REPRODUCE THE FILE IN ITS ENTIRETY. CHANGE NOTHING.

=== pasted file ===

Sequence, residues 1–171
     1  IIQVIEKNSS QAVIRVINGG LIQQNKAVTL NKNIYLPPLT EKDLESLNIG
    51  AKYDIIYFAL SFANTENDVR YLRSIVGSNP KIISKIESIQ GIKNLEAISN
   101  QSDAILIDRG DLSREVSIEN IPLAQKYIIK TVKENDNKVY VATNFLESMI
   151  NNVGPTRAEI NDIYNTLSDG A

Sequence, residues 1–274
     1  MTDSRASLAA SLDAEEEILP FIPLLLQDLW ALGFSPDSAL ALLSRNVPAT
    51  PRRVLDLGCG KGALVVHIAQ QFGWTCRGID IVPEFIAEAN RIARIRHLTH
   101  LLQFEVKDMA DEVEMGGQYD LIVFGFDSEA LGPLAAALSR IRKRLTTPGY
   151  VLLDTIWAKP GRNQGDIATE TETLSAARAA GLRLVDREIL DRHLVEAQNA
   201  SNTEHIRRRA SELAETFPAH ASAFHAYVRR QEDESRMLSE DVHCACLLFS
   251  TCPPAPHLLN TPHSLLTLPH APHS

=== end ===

Sequence, residues 1–171
     1  IIQVIEKNSS QAVIRVINGG LIQQNKAVTL NKNIYLPPLT EKDLESLNIG
    51  AKYDIIYFAL SFANTENDVR YLRSIVGSNP KIISKIESIQ GIKNLEAISN
   101  QSDAILIDRG DLSREVSIEN IPLAQKYIIK TVKENDNKVY VATNFLESMI
   151  NNVGPTRAEI NDIYNTLSDG A

Sequence, residues 1–274
     1  MTDSRASLAA SLDAEEEILP FIPLLLQDLW ALGFSPDSAL ALLSRNVPAT
    51  PRRVLDLGCG KGALVVHIAQ QFGWTCRGID IVPEFIAEAN RIARIRHLTH
   101  LLQFEVKDMA DEVEMGGQYD LIVFGFDSEA LGPLAAALSR IRKRLTTPGY
   151  VLLDTIWAKP GRNQGDIATE TETLSAARAA GLRLVDREIL DRHLVEAQNA
   201  SNTEHIRRRA SELAETFPAH ASAFHAYVRR QEDESRMLSE DVHCACLLFS
   251  TCPPAPHLLN TPHSLLTLPH APHS